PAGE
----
Analyses of Black Cat
Do you believe that some mistakes drag you into another life? or Would you like to
torture something? Maybe, life will make you some errors and you will accompany it or you will
make your own way. Edgar Allan Poe narrates a situation in which making dilemma and
concluding murder, feeling of guilty, and addiction in his story Black Cat.
Edgar Allan Poe, (born January 19, 1809 – October 7, 1849) was an American author
poet, editor and literary critic, considered part of the American Romantic Movement. He was 34
when the story Black Cat was produced. The Black Cat was first produced in the United States,
The Saturday Evening Post on August 19, 1843. As the story begins, the narrator is in jail
awaiting his execution, which will occur on the following day, for the brutal murder of his wife.
At that point, the rest of the story is told in flashback, as the narrator pens “...the most wild, yet
homely narrative...whose events have terrified--have tortured--have destroyed him.”
The story, which is whole text, has many adaptations. For example, Universal Pictures
made two films titled The Black Cat, one in 1934, starring Bela Lugosi and Boris Karloff, and
another in1941 starring Lugosi and Basil Rathbone. Both films claimed to have been "suggested
by" Poe's story, but they don’t resemble to the story. The middle segment of director Roger
Corman's 1962 anthology film Tales of Terror combines the story of “The Black Cat” with that
of another Poe tale, “The Cask of Amontillado”. This version stars Peter Lorre as the main
character (given the name Montresor Herringbone) and Vincent Price as Fortunato Luchresi.
Writer/director Lucio Fulci's 1981 film The Black Cat is loosely based on Poe's tale. The 1990
film Two Evil Eyes presents two Poe tales, “The Facts in the Case of M. Valdemar” and “The
Black Cat.” The former was written and directed by George A. Romero while the latter was
written and directed by Dario Argento. This version stars Harvey Keitel in the lead role. “The
Black Cat” is the eleventh episode of the second season of the television series Masters of
Horror. The plot essentially retells the short story in a semi-autobiographical manner, with Poe
himself undergoing a series of events involving a black cat which he used to inspire the story of
the same name.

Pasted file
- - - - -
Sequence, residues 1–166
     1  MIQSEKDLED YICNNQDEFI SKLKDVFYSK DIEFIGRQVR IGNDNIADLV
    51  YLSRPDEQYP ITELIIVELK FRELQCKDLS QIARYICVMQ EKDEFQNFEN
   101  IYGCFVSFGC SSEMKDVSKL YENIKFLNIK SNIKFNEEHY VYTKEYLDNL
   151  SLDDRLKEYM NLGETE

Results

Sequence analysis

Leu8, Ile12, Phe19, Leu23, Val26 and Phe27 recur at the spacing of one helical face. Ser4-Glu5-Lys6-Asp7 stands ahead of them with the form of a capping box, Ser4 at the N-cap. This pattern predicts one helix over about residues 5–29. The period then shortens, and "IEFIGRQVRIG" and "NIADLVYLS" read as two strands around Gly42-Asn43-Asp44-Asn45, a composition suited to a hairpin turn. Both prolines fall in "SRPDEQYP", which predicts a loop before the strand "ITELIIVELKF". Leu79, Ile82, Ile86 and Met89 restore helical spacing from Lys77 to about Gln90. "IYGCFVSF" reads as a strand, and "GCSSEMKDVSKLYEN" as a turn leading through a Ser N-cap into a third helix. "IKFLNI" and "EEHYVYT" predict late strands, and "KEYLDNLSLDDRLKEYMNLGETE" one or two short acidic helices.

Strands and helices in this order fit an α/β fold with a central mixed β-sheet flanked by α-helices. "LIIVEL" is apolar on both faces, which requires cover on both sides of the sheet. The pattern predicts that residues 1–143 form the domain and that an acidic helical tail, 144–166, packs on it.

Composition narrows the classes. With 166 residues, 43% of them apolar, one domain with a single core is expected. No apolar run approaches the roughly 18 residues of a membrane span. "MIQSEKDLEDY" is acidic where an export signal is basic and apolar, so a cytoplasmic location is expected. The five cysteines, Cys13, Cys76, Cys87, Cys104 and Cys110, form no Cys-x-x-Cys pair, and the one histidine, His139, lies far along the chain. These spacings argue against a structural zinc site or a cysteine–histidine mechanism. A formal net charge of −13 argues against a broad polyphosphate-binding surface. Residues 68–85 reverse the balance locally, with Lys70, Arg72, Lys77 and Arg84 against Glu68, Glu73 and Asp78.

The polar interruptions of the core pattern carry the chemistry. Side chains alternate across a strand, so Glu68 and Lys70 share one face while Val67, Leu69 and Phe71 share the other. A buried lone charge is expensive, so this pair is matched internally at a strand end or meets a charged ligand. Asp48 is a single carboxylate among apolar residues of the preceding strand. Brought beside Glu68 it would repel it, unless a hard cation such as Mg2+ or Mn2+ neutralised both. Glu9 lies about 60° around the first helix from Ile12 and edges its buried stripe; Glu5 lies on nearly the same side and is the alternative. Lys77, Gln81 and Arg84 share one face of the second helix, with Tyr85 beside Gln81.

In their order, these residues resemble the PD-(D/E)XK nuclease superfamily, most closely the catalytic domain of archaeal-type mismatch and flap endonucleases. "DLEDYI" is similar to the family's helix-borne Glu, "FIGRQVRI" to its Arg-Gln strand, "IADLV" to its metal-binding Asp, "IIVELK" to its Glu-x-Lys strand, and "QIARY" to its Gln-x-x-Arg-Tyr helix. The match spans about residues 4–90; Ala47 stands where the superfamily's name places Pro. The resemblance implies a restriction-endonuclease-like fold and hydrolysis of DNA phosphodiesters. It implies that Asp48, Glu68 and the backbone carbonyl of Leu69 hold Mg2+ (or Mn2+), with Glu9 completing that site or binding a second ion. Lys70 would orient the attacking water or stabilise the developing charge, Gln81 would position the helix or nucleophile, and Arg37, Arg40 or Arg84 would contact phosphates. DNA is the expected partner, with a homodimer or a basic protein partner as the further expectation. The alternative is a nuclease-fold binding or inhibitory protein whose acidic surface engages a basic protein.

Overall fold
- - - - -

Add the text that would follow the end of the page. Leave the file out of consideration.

In 1997, a compilation of Poe's work was released on a double CD entitled Closed
On Account of Rabies, with various celebrities lending their voices to the tales. The Black Cat
was read by avant-garde performer Diamanda Galás. “The Black Cat” was adapted and
performed with “The Cask of Amontillado” as Poe, Times Two: Twin tales of mystery,
murder...and mortar -- a double-bill of short, one-man plays written and performed by Greg
Oliver Bodine. First produced in NYC at Manhattan Theatre Source in 2007, and again at
WorkShop Theater Company in 2011. Part of the 2012 season at Cape May Stage in Cape May,
NJ. “The Black Cat” was adapted into a 7-page comic strip in Yellowjack Comics (1944).In
1970, Czech writer Ludvík Vaculík made many references to “A Descent into the Maelström” as
well as “The Black Cat” in his novel The Guinea Pigs. In 1910–11 Futurist
artist Gino Severini painted "The Black Cat" in direct reference to Poe's short story. Sept. 18,
1947, Mystery in the Air Radio Program with Peter Lorre as the Protagonist in The Black Cat.
The text is in its original language and words used to describe key topics or narrate key
moments still have the same meaning since text was produced. The sentences’ complexity
and lengthy are not some always, some are complex but not much. So words haven’t been
patterned or distributed. And also the story is presented as a first-person narrative using an
unreliable narrator. It addresses people who have superstitious beliefs and psychological...
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